During a recent run of my Advanced Web Application Architecture training, we discussed the distinction between infrastructure code and non-infrastructure code, which I usually call core code. One of the participants summarized the difference between the two as: "everything in your vendor directory is infrastructure code". I don't agree with that, and I will explain why in this article.
Not all code in vendor is infrastructure code
Admittedly, it's easy for anyone to not agree with a statement like this, because you can simply make up your own definitions of "infrastructure" that turn the statement false. As a matter of fact, I'm currently working on my next book (which has the same title as the training), and I'm working on a memorable definition that covers all the cases. I'll share with you the current version of that definition, which consists of two rules defining core code. Any code that doesn't follow both these rules at the same time, should be considered infrastructure code.
Rule 1: Core code doesn't directly depend on external systems, nor does it depend on code written for interacting with a specific type of external system.
Rule 2: Core code doesn't need a specific environment to run in, nor does it have dependencies that are designed to run in a specific context only.
Following this definition means that as soon as a piece of code reaches out to something outside of the running application (e.g. it connects to the network, touches the file system, requests the current time or random data), it should be considered infrastructure code. As soon as a piece of code could only runs in a particular environment (a web application, a CLI application, etc.) it should also be considered infrastructure code.
These rules don't say anything about whether core code lives in
src/ or in
vendor/, and rightfully so.
Imagine you have a piece of code you are allowed to call core code because it matches its definition.
If you now move this code to a separate repository on GitHub, publish it as a package, and install it in your project's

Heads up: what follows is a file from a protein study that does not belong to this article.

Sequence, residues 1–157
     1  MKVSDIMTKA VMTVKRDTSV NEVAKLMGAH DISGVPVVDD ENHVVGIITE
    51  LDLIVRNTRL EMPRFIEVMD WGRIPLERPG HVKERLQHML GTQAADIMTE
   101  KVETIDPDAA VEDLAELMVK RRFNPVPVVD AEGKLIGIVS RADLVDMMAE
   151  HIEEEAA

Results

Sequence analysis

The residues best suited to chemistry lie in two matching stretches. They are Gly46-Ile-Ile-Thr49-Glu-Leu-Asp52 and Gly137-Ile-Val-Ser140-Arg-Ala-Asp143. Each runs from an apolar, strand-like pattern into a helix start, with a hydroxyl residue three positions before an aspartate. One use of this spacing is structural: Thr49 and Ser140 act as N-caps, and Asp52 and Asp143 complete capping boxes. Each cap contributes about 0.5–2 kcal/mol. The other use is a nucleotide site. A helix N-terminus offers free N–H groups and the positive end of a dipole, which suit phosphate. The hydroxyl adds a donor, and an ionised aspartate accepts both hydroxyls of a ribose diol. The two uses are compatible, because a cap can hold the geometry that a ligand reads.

vendor/ directory with Composer, would that same piece of code suddenly become infrastructure code? Of course not. The location of code doesn't determine what kind of code it is.
So whether or not something is vendor code doesn't determine if it's infrastructure code. What makes the difference is whether or not you can run that code in complete isolation, without making external dependencies available, and without preparing the environment in some way.
Unit tests and core code
This may remind you of Michael Feather's definition of a unit test:
A test is not a unit test if:
- It talks to the database
- It communicates across the network
- It touches the file system
- It can't run at the same time as any of your other unit tests
- You have to do special things to your environment (such as editing config files) to run it.
Tests that do these things aren't bad. Often they are worth writing, and they can be written in a unit test harness. However, it is important to be able to separate them from true unit tests so that we can keep a set of tests that we can run fast whenever we make our changes.
In fact, following my definition of core code, we can conclude that core code is the only code that can be unit tested. This doesn't mean that you can't test infrastructure code, it only means that such a test could not be considered a unit test. These tests are often called integrated or integration tests instead.
Most, but not all code in vendor is infrastructure code
So there is no strict relation between being-infrastructure-code and being-inside-the-vendor-directory. However there is somewhat of an inverse relation: much of your application's infrastructure code lives in your vendor directory. You could also say that you write most of the core code yourself.
Let's take a look at some examples of code that lives in vendor, but would (according to my rules) not be called infrastructure code:
- An event dispatcher library
- An assertion library
- A value object library
Libraries that only deal with transforming data (like some kind of data transformer, mapper, or serializer) could be considered non-infrastructure code as well.
In practice, you can use the following checklist to find out if code (wherever it lives, in
vendor) is non-infrastructure code:
- You can use the class anywhere and freely call any of its methods.
- It has no static dependencies (façades, service registries, etc.), dependencies on global state (
$_POST, etc.). All of its dependencies are provided as constructor arguments. None of the dependencies are infrastructure code itself.
The first rule ensures that the code has no external dependencies (network, filesystem, etc.) that need to be available when the code gets called. The second rule ensures that you don't need to prepare any special context to run this code in.
When all of these things are true, this means that if you run the code and encounter a problem with it (in a test or during regular use), you know it's a problem with the code. It's not related to any infrastructural concern, so you should be able to fix the problem by fixing the code you're running.
- Is mapping configuration (e.g. Doctrine annotations) infrastructure code?
- How big is the unit that we unit-test?
- Should we still not mock the things we don't own?
I'll leave those for another post.